A Trick To Knock 67% Off British Airways Award Fuel Surcharges Right Now

British Airways makes a lot of business class award space available, but they’re expensive. Departures from the U.K. incur significant ‘air passenger duty’ sometimes called the premium cabin departure tax. And awards also incur fuel surcharges. A roundtrip business class award between the U.S. and U.K. might run $1300 in taxes and fees.

That’s a tough pill to swallow when you’re trying to redeem your miles for a ‘free’ ticket. On the other hand, you might think of it as a non-mileage earning coach ticket and spending miles for an upgrade.

British Airways Airbus A350 Business Class, Credit: British Airways

British Airways surcharges are a huge problem for American Airlines AAdvantage. British Airways is their primary transatlantic partner. If you’re looking to go to Europe on miles and in a premium cabin, saver awards have traditionally meant traveling on BA.

Right now though there seems to be a quirk booking awards on British Airways that you can exploit to reduce fuel surcharges (or ‘carrier-imposed surcharges’) by about two-thirds.

If you look to spend Alaska Airlines miles between the U.S. and London you’ll see the normal one-way cost of an award. Taxes and fees are $737, of which $700 are surcharges, as I’d expect.

However American AAdvantage has been adding lower surcharges on BA redemptions lately. Flying U.S. to London will run about $289, with just $250 in surcharges. The surcharges are 64% lower.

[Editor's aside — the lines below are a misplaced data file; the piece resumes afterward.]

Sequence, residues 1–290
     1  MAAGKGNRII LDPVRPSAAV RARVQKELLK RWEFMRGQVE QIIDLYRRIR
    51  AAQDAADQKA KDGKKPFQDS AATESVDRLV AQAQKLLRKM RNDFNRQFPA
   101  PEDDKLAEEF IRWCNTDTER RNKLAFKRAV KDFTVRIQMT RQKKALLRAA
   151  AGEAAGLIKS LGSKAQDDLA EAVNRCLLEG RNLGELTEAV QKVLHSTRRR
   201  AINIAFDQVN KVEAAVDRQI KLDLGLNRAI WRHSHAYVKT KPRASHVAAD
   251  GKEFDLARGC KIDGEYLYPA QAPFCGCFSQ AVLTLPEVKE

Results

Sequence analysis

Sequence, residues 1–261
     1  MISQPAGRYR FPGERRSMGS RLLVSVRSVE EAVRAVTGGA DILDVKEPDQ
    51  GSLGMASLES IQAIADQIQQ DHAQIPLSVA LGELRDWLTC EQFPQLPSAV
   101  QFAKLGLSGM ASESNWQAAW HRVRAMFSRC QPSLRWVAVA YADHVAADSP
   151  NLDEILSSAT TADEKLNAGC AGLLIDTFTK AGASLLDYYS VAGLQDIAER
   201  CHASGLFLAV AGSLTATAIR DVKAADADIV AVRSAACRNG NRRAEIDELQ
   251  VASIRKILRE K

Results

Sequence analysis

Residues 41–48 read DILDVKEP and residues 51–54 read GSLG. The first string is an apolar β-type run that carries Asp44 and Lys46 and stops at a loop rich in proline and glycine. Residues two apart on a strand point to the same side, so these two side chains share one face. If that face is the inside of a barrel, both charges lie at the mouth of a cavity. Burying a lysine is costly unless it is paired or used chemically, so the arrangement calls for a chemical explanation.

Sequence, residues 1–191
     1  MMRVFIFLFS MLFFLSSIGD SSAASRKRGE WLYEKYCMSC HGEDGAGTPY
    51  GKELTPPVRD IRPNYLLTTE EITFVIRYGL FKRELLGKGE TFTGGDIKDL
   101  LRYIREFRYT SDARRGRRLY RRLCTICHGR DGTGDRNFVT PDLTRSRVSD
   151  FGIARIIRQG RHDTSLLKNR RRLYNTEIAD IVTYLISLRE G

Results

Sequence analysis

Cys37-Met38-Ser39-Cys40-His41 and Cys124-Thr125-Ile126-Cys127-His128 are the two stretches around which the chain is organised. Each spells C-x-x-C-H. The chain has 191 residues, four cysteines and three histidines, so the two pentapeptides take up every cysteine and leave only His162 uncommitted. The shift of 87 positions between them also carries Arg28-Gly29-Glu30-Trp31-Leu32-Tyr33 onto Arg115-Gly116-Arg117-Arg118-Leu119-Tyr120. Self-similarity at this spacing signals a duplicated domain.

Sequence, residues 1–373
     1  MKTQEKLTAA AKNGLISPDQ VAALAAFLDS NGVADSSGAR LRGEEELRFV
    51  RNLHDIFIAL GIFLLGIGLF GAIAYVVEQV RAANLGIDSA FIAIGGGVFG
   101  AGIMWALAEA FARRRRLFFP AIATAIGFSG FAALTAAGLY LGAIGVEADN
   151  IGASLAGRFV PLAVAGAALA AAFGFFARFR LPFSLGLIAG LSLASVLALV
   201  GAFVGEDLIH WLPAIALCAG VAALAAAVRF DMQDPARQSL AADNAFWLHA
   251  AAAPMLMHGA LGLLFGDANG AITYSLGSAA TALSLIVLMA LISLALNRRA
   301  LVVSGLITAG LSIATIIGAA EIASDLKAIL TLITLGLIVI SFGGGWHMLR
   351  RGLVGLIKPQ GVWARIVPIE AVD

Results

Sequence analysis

Clearly you’d want to book a British Airways business class U.S. to London award using American miles, not Alaska miles.

But wait. It gets stranger. Let’s look at the return, London back to the U.S., and we’ll the opposite is happening. This time Alaska wants just a $79 surcharge, for the trip Westbound:

And now American Airlines wants bigger surcharges – $262. Booking in this direction using Alaska miles gets you surcharges that are 70% less.

Whether you book with American or Alaska miles for a roundtrip, total surcharges are lower than they’ve been. However it’s much more advantageous to book Alaska miles one way and American miles the other.

Right now you’re going to want to check BA award costs across different programs, because priced out separately there’s significant savings available.

It’s unclear how long this situation will last so if you’re considering award redemption on British Airways now might be a good time to pull the trigger.

(HT: Scott G.)

About Gary Leff

Gary Leff is one of the foremost experts in the field of miles, points, and frequent business travel - a topic he has covered since 2002. Co-founder of frequent flyer community InsideFlyer.com, emcee of the Freddie Awards, and named one of the "World's Top Travel Experts" by Conde' Nast Traveler (2010-Present) Gary has been a guest on most major news media, profiled in several top print publications, and published broadly on the topic of consumer loyalty. More About Gary »